Because each restoration site is unique in terms of its original ecological attributes, kinds, extent, duration and intensity of human disturbance, and management activities, each restoration solution must be unique. There is no silver-bullet: what works (or is claimed to work) at one place may not work at another. This is why restoration ecology uses an iterative problem-solving approach that results in a unique solution that is appropriate for each site and each of its management needs.
Many land managers acknowledge this fact of life, at least intellectually, but, when it comes to daily, on-the-ground-work, old habits are hard to break and the illusive search for the one-size fits all solution persists. I was reminded of this the other day when I saw the results of a weekend volunteer restoration work party aiming apparently to control woody pest species—a long windrow of stems of cut buckthorn, box elder, sumac and honeysuckle stacked along the sidewalk. (See photo below).
Brush cutting of woody pest species is a typical and popular management activity for some restoration projects but its effectiveness as a control or continent strategy is dependent upon many variables, including the unique conditions of the site at which it is practiced. It is not a silver bullet and is not a one-size-fits-all management solution.
Brush cutting at this particular site is what I call wishful thinking restoration. Wishful thinking restoration because the managers of this site must hope that if they continue to do more of the same futile activity every year, eventually it will work and they will get rid of the buckthorn and honeysuckle.
Well, time and experience have shown (at this particular site, at least) that dormant season brush cutting (especially without timely herbicide application) may make the situation worse. The stem density and distribution of woody pest shrubs at this site appears to be on the rise. This is so because a single cut stem (if not killed) will yield 5 or more the next year—it’s simple math.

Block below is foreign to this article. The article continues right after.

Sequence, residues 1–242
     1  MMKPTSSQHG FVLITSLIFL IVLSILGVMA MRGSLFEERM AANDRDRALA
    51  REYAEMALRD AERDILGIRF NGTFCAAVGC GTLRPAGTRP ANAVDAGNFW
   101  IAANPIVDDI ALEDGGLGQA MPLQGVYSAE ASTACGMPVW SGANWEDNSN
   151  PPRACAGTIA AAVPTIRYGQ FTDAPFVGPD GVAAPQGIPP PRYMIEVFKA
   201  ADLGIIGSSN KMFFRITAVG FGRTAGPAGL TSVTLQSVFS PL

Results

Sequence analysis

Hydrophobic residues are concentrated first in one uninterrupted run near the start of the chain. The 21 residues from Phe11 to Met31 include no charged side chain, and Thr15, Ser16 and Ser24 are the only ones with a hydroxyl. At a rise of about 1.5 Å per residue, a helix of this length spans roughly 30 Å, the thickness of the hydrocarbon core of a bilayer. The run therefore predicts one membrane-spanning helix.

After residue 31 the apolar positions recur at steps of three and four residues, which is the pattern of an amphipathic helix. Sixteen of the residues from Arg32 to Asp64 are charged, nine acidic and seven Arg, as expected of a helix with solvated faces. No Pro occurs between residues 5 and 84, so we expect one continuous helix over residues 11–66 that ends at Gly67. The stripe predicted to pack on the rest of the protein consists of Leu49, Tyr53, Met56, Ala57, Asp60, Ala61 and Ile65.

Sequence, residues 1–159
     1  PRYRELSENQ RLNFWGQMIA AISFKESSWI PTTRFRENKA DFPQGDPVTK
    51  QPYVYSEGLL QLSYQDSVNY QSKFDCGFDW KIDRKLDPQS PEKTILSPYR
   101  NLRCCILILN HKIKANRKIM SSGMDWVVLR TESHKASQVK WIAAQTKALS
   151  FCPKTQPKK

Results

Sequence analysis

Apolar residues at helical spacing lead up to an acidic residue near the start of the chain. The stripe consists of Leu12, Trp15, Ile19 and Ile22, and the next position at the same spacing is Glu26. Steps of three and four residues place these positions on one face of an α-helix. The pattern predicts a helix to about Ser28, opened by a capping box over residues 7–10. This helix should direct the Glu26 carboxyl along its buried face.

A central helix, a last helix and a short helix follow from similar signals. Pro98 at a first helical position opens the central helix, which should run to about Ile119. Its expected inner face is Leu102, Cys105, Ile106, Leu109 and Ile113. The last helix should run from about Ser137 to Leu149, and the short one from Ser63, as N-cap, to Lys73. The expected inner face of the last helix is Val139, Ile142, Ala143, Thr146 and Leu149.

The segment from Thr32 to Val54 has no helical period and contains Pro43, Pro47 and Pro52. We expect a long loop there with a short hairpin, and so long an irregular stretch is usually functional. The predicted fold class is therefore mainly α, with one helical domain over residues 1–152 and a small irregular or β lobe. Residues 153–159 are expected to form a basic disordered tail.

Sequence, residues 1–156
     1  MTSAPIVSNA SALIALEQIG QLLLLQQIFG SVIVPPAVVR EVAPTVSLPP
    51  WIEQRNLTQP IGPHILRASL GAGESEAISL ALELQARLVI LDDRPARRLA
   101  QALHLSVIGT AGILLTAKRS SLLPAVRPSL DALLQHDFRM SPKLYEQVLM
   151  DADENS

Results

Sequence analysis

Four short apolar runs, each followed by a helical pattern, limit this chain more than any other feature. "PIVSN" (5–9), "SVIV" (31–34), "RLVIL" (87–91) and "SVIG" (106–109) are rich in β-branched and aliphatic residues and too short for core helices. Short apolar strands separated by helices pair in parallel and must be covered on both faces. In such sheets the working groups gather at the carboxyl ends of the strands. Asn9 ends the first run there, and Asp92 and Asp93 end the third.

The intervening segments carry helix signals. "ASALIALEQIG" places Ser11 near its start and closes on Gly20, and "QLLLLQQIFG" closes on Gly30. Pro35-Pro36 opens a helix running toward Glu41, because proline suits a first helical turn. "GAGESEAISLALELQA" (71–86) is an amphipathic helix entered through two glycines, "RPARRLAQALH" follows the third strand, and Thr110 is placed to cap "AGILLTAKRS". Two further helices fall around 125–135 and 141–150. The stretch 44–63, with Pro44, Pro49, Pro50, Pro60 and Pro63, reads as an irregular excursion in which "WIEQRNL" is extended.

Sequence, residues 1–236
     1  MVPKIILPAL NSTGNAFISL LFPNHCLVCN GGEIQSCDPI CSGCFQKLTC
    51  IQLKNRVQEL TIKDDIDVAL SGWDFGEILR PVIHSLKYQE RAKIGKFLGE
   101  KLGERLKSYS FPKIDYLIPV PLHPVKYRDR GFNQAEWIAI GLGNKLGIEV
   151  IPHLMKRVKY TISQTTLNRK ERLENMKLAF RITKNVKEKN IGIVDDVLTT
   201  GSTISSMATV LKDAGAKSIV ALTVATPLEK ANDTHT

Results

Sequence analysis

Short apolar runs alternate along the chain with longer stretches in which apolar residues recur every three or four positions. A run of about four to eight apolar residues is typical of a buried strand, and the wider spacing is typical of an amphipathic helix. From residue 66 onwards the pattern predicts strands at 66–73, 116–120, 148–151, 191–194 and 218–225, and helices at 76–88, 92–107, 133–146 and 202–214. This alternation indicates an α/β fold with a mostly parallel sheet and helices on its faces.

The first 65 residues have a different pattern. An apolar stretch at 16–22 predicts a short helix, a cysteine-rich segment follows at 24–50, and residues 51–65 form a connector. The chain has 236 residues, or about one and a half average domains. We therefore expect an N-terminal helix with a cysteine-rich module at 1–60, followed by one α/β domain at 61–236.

Now, the restoration site pictured here has had good outcomes in many areas, it’s just that it has not developed an effective and efficient protocol for the control or containment of certain woody pest species. What would it take to develop such an effective and efficient management prescription?
Start With the Fundamentals
Well, first off start with the uniqueness of the site and ask what are the underlying causes of the pest species invasion. A restoration will not achieve its desired outcomes if it ignores the fundamental causes of the pest species invasion and just treats the symptoms (often the pest species). Perhaps the underlying cause is altered hydrology, or soil disturbance, or increased soil fertility. If the underlying cause is not dealt with, then continued frustration will be likely.
You can think of restoration as a repair job and you can approach each new situation with these basic repair principles in mind:
- Assess the situation.
- Avoid making the situation worse, if possible.
- Minimize harm if changes are necessary.
- Mitigate damage if change is unavoidable.
A Problem Solving Checklist
A restoration problem is solved like any other: start with what you know, what you don’t know, and what you will need to learn to solve the problem. Like me, you may find it helpful to start problem solving with a basic checklist of questions. Here, we focus on a typical, hypothetical urban restoration situation involving a complex of pest species and soil erosion. But the checklist questions can be customized to address any kind of restoration situation.
• Define the management problem. How, or why, does the pest species cause a management problem?
• Is it known that the pest species is the cause of the problem, or is the pest species a symptom of a more fundamental underlying disturbance?
• Will removing the pest species make the problem worse by destabilizing the soil and leading to increased soil erosion, for example?
• Are the tools available to solve the problem?
• If erosion is the problem, do you have native plants that will grow in the situation?
• If yes, do you know that they will solve the erosion problem?
• Will the desired plants grow in existing site conditions need to be altered first?
This is an easy way to jump-start problem solving. You may also find it helpful to develop some alternative solutions (including the hands off approach) and consider the advantages and disadvantages of each. More about this topic later.